Ali BEN ABBES – FRB-Cesab (France); Jeaneth MACHIATO – University of Sao Paulo (Brazil)

ouvrir/fermer Participants:

Laure BERTI – IRD (France); Anne CAMBON-THOMSEN – University of Toulouse (France); Thibault CATRY – IRD (France); Marc CHAUMONT – LIRMM, CNRS (France); Joachim CLAUDET – CRIOBE, CNRS (France); Romain DAVID – MISTEA, INRAE (France); Rodolphe DEVILLIERS – IRD (France); Jeffrey EVANS – The Nature Conservancy (USA); Katia FERRAZ – University of São Paulo (Brazil); Odile HOLOGNE – INRAE (France); Koji IMAI – National Institute of Information and Communications Technology (Japan); Robin JARRY – LIRMM (France); Yasuhisa KONDO – Research Institute for Humanity and Nature (Japan); Margaret O’BRIEN – University of California (USA); Laurence MABILE – University of Toulouse (France); Yasuhiro MURAYAMA – National Institute of Information and Communications Technology (Japan); Masahito NOSE – Institute for Space Earth, Nagoya University (Japan); Jean-Pierre OMETTO – National Institute for Space Research (Brazil); Takeshi OSAWA – Tokyo Metropolitan University (Japan); Pedro PIZZIGATTI CORREA – University of Sao Paulo (Brazil); Sheila REDDY – The Nature Conservancy (USA); Solange SANTOS – University of São Paulo (Brazil); Frédérique SEYLER – Espace-Dev, INRAE (France); Gérard SUBSOL – LIRMM, CNRS (France); Lauric THIAULT – CRIOBE, CNRS (France); Mogens THOMSEN – Inserm (France); Jamie TRAMMELL – Southern Oregon University (USA); Laure VELEZ – Marbec, University of Montpellier (France); Danton Ferreira VELLENICH – University of Sao Paulo (Brazil).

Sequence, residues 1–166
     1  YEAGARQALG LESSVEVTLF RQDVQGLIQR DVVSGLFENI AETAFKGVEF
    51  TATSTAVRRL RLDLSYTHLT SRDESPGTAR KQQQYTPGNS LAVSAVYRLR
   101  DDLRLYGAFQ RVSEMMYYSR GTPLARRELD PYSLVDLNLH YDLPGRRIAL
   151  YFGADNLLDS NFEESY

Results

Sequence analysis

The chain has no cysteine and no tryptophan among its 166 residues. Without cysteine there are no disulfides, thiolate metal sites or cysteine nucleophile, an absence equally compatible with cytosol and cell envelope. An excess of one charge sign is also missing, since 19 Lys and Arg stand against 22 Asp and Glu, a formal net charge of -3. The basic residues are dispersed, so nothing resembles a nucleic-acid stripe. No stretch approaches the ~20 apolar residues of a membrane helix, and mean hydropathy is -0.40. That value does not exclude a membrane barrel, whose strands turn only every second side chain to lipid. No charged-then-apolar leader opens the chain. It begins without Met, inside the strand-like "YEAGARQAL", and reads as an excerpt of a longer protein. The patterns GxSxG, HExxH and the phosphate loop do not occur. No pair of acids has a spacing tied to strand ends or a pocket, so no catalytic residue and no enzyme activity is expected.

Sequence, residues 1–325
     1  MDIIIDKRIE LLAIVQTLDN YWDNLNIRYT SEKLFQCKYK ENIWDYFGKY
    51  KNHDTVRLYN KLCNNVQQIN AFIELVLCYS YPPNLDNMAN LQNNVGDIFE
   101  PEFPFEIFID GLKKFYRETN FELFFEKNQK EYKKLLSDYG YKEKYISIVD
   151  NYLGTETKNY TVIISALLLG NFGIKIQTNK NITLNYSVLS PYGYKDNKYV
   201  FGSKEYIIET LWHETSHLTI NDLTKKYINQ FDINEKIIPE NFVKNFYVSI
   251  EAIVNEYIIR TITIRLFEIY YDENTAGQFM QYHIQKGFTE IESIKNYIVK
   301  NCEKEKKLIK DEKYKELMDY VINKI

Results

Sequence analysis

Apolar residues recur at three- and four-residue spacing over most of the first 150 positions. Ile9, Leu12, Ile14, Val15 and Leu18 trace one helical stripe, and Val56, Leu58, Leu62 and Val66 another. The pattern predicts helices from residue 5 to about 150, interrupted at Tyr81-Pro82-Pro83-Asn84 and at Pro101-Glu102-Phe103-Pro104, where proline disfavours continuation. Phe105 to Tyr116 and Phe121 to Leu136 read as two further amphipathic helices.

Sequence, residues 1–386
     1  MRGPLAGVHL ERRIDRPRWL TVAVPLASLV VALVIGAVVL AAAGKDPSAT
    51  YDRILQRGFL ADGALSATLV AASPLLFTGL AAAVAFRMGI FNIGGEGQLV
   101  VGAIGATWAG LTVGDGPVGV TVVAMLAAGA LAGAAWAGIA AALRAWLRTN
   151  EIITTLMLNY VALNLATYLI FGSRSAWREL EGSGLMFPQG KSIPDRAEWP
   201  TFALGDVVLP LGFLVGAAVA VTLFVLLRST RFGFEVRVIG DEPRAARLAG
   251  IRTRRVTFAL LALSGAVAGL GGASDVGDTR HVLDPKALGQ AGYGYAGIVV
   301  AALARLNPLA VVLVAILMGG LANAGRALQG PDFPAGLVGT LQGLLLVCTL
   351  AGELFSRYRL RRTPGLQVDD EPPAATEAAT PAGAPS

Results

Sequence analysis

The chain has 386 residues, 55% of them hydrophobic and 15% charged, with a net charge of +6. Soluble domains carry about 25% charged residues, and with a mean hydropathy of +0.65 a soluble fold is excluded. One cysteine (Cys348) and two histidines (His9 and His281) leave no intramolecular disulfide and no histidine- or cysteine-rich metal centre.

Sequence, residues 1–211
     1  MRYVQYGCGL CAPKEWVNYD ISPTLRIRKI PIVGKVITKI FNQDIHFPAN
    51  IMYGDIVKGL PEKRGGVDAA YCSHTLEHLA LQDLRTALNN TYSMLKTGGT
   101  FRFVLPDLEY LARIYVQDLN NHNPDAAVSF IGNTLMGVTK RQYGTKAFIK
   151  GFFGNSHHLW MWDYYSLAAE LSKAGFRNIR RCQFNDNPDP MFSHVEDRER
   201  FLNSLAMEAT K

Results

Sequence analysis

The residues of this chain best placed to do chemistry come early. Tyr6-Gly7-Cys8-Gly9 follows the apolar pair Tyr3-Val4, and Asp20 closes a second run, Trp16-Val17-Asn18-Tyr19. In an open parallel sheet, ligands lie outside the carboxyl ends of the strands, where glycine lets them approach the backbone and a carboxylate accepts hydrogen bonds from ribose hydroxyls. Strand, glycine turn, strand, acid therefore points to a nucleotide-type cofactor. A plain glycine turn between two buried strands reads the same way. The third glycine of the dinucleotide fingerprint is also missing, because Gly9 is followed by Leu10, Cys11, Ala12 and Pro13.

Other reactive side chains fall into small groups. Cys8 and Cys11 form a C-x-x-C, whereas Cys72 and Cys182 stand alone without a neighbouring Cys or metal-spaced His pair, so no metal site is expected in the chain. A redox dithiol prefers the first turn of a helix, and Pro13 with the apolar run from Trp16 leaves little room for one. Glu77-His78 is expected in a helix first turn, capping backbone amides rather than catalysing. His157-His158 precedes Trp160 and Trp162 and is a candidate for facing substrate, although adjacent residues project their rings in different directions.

PARSEC synthesis-science team brings together experts in Data Science, Conservation Biology, Remote Sensing, Data Mining, Artificial Intelligence, Protected Area, and Social Science.


PARSEC was selected from the 2018 Belmont Forum call for proposals.


[06] Specht A, O’Brien M, Edmunds R, Corrêa P, David R, Mabile L, Machicao J, Murayama Y & Stall S (2023) The Value of a Data and Digital Object Management Plan (D(DO)MP) in Fostering Sharing Practices in a Multidisciplinary Multinational Project. Data Science Journal, 22, 38. DOI: 10.5334/dsj-2023-038.


[05] Machicao J, Ben Abbes A, Meneguzzi L, Corrêa PLP, Specht A, David R, Subsol G, Vellenich D, Devillers R, Stall S, Mouquet N, Chaumont M, Berti-Equille L & Mouillot D (2022) Mitigation strategies to improve reproducibility of poverty estimations from remote sensing images using deep learning. Earth and Space Science, 9, e2022EA002379. DOI: 10.1029/2022EA002379.


[04] Machicao J, Specht A, Vellenich D, Meneguzzi L, David R, Stall S, Ferraz K, Mabile L, O'Brien M & Corrêa P (2022) A deep-learning method for the prediction of socio-economic indicators from street-view imagery using a case study from Brazil. Data Science Journal, 21, 1–15. DOI: 10.5334/dsj-2022-006.


[03] Specht A & Crowston K (2022) Interdisciplinary collaboration from diverse science teams can produce significant outcomes. PLoS ONE, 17, e0278043. DOI: 10.1371/journal.pone.0278043.


[02] David R, Mabile L, Specht A, Stryeck S, Thomsen M, Yahia M, Jonquet C, Dollé L, Jacob D, Bailo D, Bravo E, Gachet S, Gunderman H, Hollebecq J-E, Ioannidis V, Le Bras Y, Lerigoleur E & Cambon-Thomsen A (2020) FAIRness Literacy: The Achilles' Heel of Applying FAIR Principles. Data Science Journal, 19, 32. DOI: 10.5334/dsj-2020-032.


[01] Specht A, Corrêa P, Belbin L & Loescher HW (2020) Critical research infrastructure: The importance of synthesis centers. Elephant in the Lab. DOI: 10.5281/zenodo.3660920.


The consortium is co-supported by